Android continues to dominate the smartphone business and will likely do so for the foreseeable future, new data from research firm IDC shows. But overall growth in the smartphone market is slowing.
Total Android shipments this year are expected to hit 1.06 billion when 2014 come to a close, giving Google's mobile operating system 82.3 percent control over the smartphone space this year, market researcher IDC reported Monday. Apple's iOS will finish in second place with 13.8 percent share and 178 million shipments, IDC said. Windows Phone will muster just a 2.7 percent share on 35 million smartphone shipments.
The forecast looks especially gloomy for alternative competitors on the mobile scene, IDC said in a statement. "With Android volumes so dominant, it is no longer a possibility for new operating systems likeand Firefox to compete on price alone -- any underdog OS must bring a radically different appeal to gain any significant traction."
IDC predicts worldwide smartphone shipments will reach almost 1.3 billion units in 2014, which represents about a 26 percent increase over 2013. But that growth is expected to slow significantly in 2015, when IDC is predicting 1.4 billion smartphones will be shipped -- about a 12 percent year-over-year growth rate. And that estimated slowdown in growth continues through at least 2018.
The data from IDC is based on actual shipments calculated so far this year and on its forecast through the end of 2014. Last week, the research firm released shipment forecasts on the tablet market and found that for the first time, Apple's year-over-year iPad shipments would decline by about 13 percent. Android, meanwhile, will remain as the dominant force in tablets, shipping 160 million units worldwide and accounting for 67.7 percent of the space.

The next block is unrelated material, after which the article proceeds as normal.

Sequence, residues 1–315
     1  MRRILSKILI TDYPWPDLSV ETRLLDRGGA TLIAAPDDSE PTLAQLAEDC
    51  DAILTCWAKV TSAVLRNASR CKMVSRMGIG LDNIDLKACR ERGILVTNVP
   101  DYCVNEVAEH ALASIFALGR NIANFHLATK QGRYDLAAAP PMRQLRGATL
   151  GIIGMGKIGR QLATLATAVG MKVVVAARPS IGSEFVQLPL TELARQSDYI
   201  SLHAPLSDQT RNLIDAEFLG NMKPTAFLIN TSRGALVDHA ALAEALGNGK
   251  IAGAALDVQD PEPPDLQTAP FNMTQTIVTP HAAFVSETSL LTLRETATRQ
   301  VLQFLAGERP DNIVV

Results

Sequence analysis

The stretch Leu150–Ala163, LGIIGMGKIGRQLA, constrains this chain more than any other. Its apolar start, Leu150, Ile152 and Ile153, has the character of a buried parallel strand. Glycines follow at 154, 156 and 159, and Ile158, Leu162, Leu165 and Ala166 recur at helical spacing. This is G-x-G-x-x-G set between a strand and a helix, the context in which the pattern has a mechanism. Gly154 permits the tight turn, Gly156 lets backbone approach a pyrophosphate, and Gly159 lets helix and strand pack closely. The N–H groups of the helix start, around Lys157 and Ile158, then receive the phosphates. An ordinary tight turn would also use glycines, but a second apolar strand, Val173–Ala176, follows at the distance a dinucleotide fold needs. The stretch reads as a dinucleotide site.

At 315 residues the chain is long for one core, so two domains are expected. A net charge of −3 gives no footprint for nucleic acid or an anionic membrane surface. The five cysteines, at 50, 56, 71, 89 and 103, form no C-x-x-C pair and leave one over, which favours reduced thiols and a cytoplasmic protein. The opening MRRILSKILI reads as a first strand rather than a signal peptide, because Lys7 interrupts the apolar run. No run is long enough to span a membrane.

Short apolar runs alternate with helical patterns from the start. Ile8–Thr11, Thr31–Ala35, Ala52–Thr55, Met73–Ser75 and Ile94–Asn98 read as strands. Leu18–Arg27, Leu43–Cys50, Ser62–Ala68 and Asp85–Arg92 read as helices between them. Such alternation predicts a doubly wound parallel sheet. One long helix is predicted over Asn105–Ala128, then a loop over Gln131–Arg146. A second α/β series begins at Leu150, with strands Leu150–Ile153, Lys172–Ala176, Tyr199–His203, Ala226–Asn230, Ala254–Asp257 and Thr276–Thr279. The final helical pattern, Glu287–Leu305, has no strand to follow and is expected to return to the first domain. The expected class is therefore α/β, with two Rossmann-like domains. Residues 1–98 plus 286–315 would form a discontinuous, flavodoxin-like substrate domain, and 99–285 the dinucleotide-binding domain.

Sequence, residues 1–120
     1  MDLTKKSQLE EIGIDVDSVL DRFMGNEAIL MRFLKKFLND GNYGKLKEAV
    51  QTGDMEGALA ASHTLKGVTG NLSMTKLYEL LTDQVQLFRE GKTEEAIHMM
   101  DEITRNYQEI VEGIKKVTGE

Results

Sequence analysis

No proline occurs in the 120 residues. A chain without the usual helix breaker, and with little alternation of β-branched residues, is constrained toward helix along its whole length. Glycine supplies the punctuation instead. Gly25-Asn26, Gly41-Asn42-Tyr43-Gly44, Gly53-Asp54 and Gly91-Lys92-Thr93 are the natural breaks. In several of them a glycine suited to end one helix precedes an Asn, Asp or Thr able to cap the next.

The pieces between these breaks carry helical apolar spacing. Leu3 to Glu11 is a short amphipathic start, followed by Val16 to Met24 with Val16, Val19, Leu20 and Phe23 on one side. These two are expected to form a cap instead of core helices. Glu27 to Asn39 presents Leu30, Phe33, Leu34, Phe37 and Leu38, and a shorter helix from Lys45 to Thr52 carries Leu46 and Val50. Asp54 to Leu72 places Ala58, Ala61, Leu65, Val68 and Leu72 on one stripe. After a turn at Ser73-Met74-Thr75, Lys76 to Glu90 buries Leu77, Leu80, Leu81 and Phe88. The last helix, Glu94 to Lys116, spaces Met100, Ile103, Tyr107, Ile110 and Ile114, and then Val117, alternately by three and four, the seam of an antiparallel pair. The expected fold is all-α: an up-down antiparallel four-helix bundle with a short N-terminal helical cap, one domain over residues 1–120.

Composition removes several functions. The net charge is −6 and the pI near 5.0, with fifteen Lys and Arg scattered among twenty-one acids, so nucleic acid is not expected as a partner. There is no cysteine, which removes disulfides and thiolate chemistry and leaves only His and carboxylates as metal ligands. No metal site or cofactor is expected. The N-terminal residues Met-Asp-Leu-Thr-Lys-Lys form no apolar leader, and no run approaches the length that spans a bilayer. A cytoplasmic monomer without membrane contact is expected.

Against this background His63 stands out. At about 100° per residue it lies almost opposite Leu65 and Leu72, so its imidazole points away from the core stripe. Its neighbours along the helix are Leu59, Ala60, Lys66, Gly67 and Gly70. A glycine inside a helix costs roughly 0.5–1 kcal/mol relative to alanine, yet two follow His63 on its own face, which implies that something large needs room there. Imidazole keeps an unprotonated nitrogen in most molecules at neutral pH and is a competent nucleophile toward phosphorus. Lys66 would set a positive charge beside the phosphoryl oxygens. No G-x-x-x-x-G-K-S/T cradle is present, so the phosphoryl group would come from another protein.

A similar scenario is expected to play out in the smartphone business, IDC's data shows. The company says that at the end of 2018, Android smartphone shipments worldwide will reach 1.5 billion units and its market share will hit 80 percent. Apple's iOS will see its market share decline a bit to 12.8 percent, but total shipments will jump to 240 million units.
Neither Apple nor Google immediately responded to a request for comment on Monday's IDC report.
Meanwhile, third-place Microsoft will see some growth over the next four years, IDC predicts. While Windows Phone shipments will hit just 35 million units this year and account for 2.7 percent of the space, that figure will jump to 5.6 percent in 2018 after Windows Phone users ship 105 million units worldwide, IDC expects.
Microsoft declined to comment on IDC's sales figures.
Of course, when it comes to market dominance, it's not all about the number of shipments. Total smartphone industry revenue will hit $382.9 billion on hardware alone in 2014 and that figure will jump to $451.8 billion in 2018. While Android is expected to own 80 percent of shipments in 2018, the operating system will account for for 61 percent of the industry's revenue that year. Apple's iOS will generate 34 percent of the worldwide smartphone revenue, despite shipping a projected 13 percent of smartphones that year.
"Apple's approach with premium pricing ensures a growing portion of overall revenues despite its declining market share," IDC's Ramon Llamas said in a statement. "Meanwhile, Android's multi-faceted approach -- with forked versions and low-cost Android One strategy -- will produce mixed results, yet it allows deeper penetration into emerging markets. That can lead to additional pressure on its vendor partners, who will need to seek greater differentiation in terms of devices and experiences in the hyper-competitive smartphone market."
Looking ahead, customers should also expect lower pricing on all smartphones. The average selling price of a smartphone this year is $297, but IDC says that will fall to $241 by 2018 as emerging markets become an increasingly important space for vendors.
"Consumers no longer have to go with a top-of-the-line handset to guarantee decent hardware quality or experience," said IDC's Melissa Chau."The biggest question now is how much lower can prices go?"